The Federal Reserve's monthly report on economic activity, the so-called Beige Book, reported continued expansion at a modest pace in August, though several of the 12 districts were mixed or slowing, the Fed said Wednesday.
St. Louis, Minneapolis, Kansas City, Dallas, and San Francisco reported modest or slight expansion. Atlanta reported expansion at a "very subdued pace," Cleveland reported slow growth and New York indicated growth remained sluggish. Chicago was slower; Richmond also reported sluggishness. Boston and Philadelphia were mixed, with Philadelphia adding that activity was somewhat weaker overall.
Several of the districts said volatility in the stock market had prompted some business to take a darker near-term outlook.
Consumer spending rose in most districts but was flat to down when the automotive category was removed.
Manufacturing was mixed, with many businesses saying they were less optimistic than they were a month earlier. The pace of activity slowed in many Districts, with New York, Philadelphia, and Richmond reporting declining activity, Boston and Dallas Districts noting slowing demand from Europe, Cleveland saying factory production was stable, and Atlanta and Chicago growing at a slower pace. Minneapolis, Kansas City, and San Francisco reported slight expansions, and St. Louis said activity continued to increase and that several manufacturers planned to open plants and expand operations in the near future.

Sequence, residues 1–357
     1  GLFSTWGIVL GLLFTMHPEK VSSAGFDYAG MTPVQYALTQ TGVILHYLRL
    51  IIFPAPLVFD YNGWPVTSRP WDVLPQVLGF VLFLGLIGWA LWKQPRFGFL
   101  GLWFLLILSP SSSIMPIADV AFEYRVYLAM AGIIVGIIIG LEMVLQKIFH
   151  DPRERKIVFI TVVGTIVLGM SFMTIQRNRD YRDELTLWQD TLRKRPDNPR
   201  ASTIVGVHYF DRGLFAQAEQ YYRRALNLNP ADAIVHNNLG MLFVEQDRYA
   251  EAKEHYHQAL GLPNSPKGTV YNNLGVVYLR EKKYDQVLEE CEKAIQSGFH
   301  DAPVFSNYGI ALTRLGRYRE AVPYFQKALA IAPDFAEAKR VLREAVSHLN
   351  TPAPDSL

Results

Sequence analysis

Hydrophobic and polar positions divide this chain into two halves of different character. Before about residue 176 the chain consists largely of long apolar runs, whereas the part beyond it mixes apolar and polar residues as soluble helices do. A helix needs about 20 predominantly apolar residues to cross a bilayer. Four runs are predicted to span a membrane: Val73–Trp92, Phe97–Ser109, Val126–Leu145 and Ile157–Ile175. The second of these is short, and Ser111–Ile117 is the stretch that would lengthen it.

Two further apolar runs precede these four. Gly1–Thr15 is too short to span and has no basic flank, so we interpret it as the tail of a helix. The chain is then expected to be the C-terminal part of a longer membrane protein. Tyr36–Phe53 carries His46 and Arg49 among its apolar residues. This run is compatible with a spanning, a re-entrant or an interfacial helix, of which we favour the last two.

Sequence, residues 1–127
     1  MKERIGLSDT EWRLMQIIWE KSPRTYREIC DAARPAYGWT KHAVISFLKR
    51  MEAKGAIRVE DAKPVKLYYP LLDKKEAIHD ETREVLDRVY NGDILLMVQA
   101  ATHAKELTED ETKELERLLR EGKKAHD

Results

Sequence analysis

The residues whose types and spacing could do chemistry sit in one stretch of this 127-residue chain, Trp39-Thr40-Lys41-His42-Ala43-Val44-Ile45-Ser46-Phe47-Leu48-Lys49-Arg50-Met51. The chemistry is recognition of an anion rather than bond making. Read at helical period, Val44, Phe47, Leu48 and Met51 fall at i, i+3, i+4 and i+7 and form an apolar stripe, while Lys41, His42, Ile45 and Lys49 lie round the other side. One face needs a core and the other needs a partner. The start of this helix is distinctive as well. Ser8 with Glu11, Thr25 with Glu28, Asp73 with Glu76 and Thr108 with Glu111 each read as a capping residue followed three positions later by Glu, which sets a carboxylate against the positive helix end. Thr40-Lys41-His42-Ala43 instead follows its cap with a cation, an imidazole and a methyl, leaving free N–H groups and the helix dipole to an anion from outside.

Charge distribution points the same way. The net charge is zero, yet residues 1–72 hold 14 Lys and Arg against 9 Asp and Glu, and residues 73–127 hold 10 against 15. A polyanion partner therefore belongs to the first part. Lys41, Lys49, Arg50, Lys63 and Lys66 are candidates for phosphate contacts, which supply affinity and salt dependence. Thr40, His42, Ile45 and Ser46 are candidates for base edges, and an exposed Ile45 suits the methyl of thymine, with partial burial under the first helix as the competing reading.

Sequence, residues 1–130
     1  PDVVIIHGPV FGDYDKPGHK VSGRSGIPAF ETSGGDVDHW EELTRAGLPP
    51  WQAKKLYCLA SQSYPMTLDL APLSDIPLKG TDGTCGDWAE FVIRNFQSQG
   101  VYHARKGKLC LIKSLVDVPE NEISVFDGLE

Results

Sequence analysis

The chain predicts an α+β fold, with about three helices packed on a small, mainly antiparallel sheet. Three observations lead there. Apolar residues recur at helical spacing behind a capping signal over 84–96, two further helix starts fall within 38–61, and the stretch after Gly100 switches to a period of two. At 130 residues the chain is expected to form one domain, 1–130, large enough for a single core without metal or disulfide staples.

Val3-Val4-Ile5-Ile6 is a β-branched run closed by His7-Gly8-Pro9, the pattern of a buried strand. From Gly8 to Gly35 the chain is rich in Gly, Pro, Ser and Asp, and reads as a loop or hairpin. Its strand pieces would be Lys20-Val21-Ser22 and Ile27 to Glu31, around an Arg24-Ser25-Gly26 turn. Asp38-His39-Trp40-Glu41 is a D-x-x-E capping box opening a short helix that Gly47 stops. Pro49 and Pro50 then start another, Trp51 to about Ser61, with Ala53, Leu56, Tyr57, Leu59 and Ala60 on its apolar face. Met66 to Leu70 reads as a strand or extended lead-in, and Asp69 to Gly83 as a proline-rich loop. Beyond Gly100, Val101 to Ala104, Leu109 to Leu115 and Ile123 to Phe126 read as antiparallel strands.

Residential real estate activity remained weak. Boston, Atlanta, Minneapolis, and Dallas reported an increase in home sales over the previous year's anemic levels, but the rise in Atlanta was concentrated mainly in Florida. The remaining districts all reported stable or slower sales from the previous survey period, with several citing greater economic uncertainty as the primary cause.
New York and Philadelphia reported that a growing backlog of foreclosures in New Jersey continued to weigh on the housing market.
New-home construction was down or stagnant in most districts except Minneapolis and Kansas City. Several Districts indicated an improvement in home remodeling activity, and the New York, Philadelphia, and Cleveland reported increased demand for multi-family housing projects.
Home prices were flat to slightly down in several districts, although New York said prices in many areas edged higher but remained below year-ago levels.
Labor markets were generally steady, although some districts reported modest employment growth. Most districts cited overall loan demand as stable to slightly weaker and said that loan quality was generally improving as credit standards remained largely unchanged.
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